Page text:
Four historical outfit ideas

Hallowe’en is a little over a week away, and for those of you who would like to reference their passion for historical costumes, I thought it would be interesting to throw some ideas out there, for you to use as you see fit. I, myself, will be going to the Egyptology Live Friday event at the Ashmolean as an unspecified early archaeologist. If you can get there, I totally recommend you go too. It’s free, and awesome fun. I wanted to be Carter or Petrie, but I just can’t grow the beard in time *sheds a single tear*.

I won’t be doing any ‘sexy’ female costumes, because as far as I can tell, you just cut stuff off the standard version. Also, as I understand it, the definition of a sexy has changed significantly over the centuries. Bring back ruffs, I say. They could be hot.

First up, Cave Person. For this, go all Macklemore and get yourself a second-hand fur coat. cut the sleeves off, and use them to hide your footwear. Lash it all together with a few old belts; BAM, you are ready to fight dinosaurs… or something.

One Million Years BC poster

Next on the list, Mummy. This is a strong choice for anyone on a budget, or who didn’t prepare anything earlier. Just head into the toilet, put one end of the loo roll between your ankles swivel on the spot. Yes, you could go higher budget and buy gauze bandages, but if you’re going to do that, you’ll just look like someone with no imagination. And considering you’re already looking on a blog for ideas, frankly, you could do better.

Then, the Classical Greek. Purists may prefer a toga, but a historically-accurate toga takes a metric shit-load of material, and is confusing as hell. To do this you will need a sheet, two safety pins, and a belt. Try to avoid fitted sheets, but if you get one, cut the elastic out and straighten out the corners. Fold it in half, put safety  pins roughly where your shoulders will be, then step into it from the open side. The belt will hold everything in place. I have rocked this look myself in my uni days.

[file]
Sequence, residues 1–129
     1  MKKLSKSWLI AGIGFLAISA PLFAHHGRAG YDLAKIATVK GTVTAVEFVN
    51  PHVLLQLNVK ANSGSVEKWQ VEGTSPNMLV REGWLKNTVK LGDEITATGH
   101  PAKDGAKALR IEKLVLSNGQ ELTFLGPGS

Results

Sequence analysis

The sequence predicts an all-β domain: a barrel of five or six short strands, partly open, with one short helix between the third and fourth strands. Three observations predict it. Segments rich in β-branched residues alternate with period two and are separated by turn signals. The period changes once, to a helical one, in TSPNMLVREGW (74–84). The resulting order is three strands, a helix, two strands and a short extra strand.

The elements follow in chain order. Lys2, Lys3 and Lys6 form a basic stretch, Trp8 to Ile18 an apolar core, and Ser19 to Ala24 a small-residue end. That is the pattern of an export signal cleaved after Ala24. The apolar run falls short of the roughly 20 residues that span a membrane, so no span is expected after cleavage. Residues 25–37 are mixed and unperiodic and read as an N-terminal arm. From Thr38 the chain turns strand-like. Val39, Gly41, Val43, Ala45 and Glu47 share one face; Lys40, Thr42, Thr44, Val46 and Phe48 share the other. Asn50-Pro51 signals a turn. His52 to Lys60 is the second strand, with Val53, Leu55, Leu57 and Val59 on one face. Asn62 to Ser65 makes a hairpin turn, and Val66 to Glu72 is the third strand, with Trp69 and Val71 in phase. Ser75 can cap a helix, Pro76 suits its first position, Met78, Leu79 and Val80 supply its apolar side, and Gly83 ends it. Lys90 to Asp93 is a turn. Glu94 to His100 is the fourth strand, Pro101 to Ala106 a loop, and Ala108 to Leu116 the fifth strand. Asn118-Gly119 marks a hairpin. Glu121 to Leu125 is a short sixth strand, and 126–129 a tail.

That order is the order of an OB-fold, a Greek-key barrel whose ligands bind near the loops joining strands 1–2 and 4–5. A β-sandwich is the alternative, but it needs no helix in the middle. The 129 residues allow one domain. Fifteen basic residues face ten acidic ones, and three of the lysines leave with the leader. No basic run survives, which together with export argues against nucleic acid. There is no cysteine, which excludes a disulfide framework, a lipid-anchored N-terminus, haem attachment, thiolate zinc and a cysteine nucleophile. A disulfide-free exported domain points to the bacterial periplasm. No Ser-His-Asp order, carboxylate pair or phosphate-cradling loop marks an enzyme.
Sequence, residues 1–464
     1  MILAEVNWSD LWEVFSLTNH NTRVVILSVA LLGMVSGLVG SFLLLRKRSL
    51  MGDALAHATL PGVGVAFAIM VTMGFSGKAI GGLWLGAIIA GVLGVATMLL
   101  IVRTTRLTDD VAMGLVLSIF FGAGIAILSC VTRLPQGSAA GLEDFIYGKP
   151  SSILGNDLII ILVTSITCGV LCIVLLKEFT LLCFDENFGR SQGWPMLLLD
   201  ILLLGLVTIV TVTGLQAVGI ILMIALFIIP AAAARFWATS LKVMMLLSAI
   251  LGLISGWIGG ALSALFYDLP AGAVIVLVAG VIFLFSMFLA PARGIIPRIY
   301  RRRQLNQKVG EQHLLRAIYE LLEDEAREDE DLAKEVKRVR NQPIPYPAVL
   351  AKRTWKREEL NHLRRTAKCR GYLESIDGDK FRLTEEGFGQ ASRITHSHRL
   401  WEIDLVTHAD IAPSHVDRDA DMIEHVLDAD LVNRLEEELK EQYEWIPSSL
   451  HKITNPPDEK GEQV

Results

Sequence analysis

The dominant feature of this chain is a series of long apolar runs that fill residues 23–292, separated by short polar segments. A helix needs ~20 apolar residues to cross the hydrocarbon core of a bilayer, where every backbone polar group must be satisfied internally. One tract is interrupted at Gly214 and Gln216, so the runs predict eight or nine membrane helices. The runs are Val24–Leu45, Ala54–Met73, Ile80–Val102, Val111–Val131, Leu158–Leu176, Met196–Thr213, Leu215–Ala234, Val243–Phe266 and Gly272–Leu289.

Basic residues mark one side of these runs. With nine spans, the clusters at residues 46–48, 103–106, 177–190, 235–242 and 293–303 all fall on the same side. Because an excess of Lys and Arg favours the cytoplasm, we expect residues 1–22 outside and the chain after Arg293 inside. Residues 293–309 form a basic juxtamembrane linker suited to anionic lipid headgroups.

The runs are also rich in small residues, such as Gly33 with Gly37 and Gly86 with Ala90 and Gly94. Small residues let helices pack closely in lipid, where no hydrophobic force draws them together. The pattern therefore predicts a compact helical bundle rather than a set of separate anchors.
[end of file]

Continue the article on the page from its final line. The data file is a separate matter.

Myself, as Helen of Troy, with friends.

Word to the wise, it’s October/November, and frankly this outfit offers no protection against the weather. Even with shorts and a vest underneath, this was still DAMN COLD. Take extra scarfs, or a coat, or something. Or just don’t go with this outfit.

Roman / other armoured individual. The crucial part of this costume is metallic duct tape. N00bs will go for tin foil, but this is a mistake. Foil will not stand up to an evening’s wear and tear. Either layer it up by taping it to a top you already own, or fix the tape back-to-back. When you finish, it will just look like a metallic top, so you’ll wanna embellish with additional decorations, heraldry, etc. Consider taking your collander along and decorating the hell out of it ’til it looks like a Roman Gallea. Job’s a good’un.

This outfit will also work for knights and their ilk. Needless to say, taping an entire outfit up can get a bit tiring, so you can mix things up with a colourful tabard. Girls! I fully support the idea of an armoured woman. If anyone asks, you’re Joan of Arc. None of this videogame armoured underwear.

And as far as I’m concerned, costumes get a lot more fabricy from here onwards. If you have any other ideas, or you actually try one of these out, please leave pictures in the comments section below. If you want more ideas about historical outfits (tasteful and tasteless) check out our clothing articles.